Miami, Present days.
Special Agent Peter Rostoff felt like a walking corpse. After an impossibly long flight from the West Coast to the South, with a layover in LA, he was fatigued to the point of no return . Peter always hated flying and usually tried to use an alternative type of transportation whenever possible. He parked his Jeep in front of the garage in the driveway, managing this task on sheer autopilot, and then just sat there in the car, looking outside of the driver’s window . He noticed tall weeds smothering all the flowerbeds. Bastards grew up like maniacs and were already up to his ass. Peter swore under his breath with more resignation than heat. Damn, he needed to take a couple of days off. If for nothing else but to revive his plants, he thought, looking at the small garden with guilt. He started it from the scratch when he purchased this house a couple of years ago, indulging in his childhood passion of dipping his hands into the soil. His love for all things growing under the sun did not diminish with years. Only his feelings toward humans altered drastically. Considering all the scam of humanity, he met during his ten years with the FBI; it would probably be a small miracle otherwise. Peter knew from the experience the horrific things people could and had done to each other for one thing only: profit. Money.
Finally stepping out of the car, stiff and sore from sitting too long, Peter reflected on and dismissed again the thought that he should’ve taken his father’s offer of a corporate jet. But, hell, for years he had so painstakingly and deliberately separated himself from the Rostoff & Co., rebuffing any notion of his connection with it, had shown no desire to be associated with the famous name or family company whatsoever, so now he felt like he has no right to rely on the amenities it provided such as the comfort and luxury of a private plane. Or family discount at the Rostoff’s, although he couldn’t imagine why he would ever need a discount at the world famous jewelry chain. Peter absently stole a look at the magnificent diamond he wore on his pinkie. It was his father’s birthday present and try as he might , Peter couldn’t remove it or get rid of it. Nor could he hide away from the memories…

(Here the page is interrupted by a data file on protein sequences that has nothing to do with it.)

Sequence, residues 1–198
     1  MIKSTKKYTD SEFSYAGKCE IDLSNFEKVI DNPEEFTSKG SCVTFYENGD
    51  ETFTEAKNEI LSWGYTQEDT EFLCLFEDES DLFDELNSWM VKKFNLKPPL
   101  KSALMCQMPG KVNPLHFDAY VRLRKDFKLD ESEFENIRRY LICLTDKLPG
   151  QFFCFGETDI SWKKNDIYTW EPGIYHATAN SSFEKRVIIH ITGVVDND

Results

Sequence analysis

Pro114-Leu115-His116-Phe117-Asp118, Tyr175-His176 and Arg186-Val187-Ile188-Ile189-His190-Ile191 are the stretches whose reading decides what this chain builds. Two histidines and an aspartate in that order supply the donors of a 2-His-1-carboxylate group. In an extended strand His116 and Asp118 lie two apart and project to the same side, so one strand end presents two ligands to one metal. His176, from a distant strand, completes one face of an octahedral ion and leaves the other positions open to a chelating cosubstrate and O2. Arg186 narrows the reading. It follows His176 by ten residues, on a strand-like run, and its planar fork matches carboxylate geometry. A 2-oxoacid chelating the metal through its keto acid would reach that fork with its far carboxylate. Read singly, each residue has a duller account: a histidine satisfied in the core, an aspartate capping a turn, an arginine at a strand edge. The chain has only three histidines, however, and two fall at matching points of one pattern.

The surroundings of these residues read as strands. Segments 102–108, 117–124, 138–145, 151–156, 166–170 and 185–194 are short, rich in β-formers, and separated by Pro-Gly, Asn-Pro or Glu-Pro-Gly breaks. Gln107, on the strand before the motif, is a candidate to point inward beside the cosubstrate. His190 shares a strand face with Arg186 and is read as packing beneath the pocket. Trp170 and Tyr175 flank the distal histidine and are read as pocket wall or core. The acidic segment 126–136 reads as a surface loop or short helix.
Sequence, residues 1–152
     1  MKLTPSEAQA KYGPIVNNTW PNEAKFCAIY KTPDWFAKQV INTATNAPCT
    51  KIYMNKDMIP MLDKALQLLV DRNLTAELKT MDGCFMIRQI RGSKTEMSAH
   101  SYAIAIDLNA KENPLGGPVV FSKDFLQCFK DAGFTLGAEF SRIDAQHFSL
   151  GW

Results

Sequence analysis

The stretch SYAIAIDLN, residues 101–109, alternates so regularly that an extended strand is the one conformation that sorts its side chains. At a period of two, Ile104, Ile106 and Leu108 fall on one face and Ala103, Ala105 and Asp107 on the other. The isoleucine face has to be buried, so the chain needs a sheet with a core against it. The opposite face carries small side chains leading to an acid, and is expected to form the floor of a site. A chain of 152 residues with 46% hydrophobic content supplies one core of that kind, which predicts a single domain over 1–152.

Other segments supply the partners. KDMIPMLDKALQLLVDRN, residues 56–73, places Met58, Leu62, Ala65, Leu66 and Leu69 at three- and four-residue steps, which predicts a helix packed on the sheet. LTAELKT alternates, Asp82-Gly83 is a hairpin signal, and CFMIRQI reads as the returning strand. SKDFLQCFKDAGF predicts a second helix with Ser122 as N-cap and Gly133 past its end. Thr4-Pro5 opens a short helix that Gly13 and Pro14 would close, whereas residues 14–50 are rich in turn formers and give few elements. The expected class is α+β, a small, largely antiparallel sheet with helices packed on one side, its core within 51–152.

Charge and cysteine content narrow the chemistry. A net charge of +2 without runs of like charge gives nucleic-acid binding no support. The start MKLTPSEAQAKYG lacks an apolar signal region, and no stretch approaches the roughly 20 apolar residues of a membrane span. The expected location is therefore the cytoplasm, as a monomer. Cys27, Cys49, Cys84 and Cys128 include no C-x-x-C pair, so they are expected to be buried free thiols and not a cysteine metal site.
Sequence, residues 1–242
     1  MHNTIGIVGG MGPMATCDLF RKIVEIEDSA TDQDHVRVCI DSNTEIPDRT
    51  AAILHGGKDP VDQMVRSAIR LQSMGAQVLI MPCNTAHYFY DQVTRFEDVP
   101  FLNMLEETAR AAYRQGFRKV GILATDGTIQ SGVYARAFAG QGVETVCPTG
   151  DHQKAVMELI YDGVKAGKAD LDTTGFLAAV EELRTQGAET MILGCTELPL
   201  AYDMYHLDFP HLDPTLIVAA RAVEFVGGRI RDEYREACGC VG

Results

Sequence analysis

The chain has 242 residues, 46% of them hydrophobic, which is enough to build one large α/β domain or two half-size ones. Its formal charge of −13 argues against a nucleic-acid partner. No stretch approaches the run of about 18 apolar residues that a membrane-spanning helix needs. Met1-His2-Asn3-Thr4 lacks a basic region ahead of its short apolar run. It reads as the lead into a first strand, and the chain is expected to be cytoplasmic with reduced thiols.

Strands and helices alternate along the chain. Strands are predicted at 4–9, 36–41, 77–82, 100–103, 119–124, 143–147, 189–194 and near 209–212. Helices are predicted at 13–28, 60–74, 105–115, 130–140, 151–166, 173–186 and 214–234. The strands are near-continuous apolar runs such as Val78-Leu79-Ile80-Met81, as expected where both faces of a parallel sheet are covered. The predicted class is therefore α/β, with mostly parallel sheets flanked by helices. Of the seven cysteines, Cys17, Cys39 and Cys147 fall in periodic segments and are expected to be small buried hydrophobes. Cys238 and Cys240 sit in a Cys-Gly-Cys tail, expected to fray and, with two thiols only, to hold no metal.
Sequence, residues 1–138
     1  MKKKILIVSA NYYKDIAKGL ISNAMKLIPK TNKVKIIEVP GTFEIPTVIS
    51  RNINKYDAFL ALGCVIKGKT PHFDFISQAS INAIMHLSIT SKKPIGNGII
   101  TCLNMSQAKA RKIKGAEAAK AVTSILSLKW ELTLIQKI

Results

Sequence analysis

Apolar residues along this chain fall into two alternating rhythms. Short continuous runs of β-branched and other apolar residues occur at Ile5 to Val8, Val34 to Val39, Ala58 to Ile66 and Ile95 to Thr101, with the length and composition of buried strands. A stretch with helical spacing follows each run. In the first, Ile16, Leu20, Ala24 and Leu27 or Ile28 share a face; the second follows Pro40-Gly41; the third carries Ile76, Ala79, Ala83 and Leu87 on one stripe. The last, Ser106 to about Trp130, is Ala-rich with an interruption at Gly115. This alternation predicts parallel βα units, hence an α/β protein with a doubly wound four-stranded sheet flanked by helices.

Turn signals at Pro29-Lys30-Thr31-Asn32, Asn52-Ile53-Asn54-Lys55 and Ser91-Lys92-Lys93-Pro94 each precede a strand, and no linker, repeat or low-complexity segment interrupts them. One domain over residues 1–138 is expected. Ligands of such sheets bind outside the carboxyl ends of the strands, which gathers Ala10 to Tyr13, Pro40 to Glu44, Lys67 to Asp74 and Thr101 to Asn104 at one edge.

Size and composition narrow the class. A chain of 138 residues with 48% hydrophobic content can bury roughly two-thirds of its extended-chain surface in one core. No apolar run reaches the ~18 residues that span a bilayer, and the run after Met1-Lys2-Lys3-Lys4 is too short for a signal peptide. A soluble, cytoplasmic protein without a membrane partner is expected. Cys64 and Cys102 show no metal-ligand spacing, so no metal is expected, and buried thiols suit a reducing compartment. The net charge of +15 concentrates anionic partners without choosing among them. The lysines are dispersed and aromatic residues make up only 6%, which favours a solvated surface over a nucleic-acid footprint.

Resigned, Peter slowly walked to the door of the one-story bungalow he called home, unlocked it and entered his domain. A tiny foyer opened up to the modest living room furnished Spartan-like with dark leather sofa, a present to himself, glass top coffee table and a single chair. One true luxury that Peter allowed himself was his plush carpet in deep rich mauve, thick and almost ankle deep. Removing his loafers and socks, he sunk his bare feet into it, almost moaning with pleasure. Damn, he sincerely hoped he wouldn’t need to wear this ridiculous excuse for a shoe for a long time to come. Or a suit and necktie for that matter, he thought, wincing. Give him a pair of good running Adidas and old Levi’s every day. Thank God his everyday job didn’t require a formal attire; otherwise, Peter would probably commit suicide. How his father stood dressing up in the suit and tie day after day for so many years was really beyond him. Peter checked his messages first then went into a small room he called the office and booted up his computer. As tired as he was, he wanted to make sure that nothing urgent popped up while he was stuck on the plane. He opened his secured mailbox. Several e-mails needed his attention, but it was the one, in particular, he clicked opened as soon as he saw it. Reading it twice, Peter started to reply immediately, frowning in concentration as he composed it, feeling the same familiar rush of adrenaline and anger heating his blood. Damn, he hated the case this email was referring to with a vengeance, hated with every gut and every last drop of blood in him. Replying on the email from Interpol darkened his mood that was not very light to begin with. After finally clicking the “send” button, Peter plowed fingers of both hands through his hair, a nervous gesture he inherited from his father, exhaling breath he didn’t realize he was holding. Every nerve in his body began to quiver as he tried not to remember and failed. The foul taste in his mouth refused to go away, even after three weeks. God, he thought, just three weeks as this case was closed, but it seemed like a lifetime ago. Or yesterday . And no matter how much he drank or how strong the liquor was, it couldn’t wash that foul taste out. It was one of the most gruesome and tough cases Peter had the misfortune to work on. He had nightmares about it almost every night.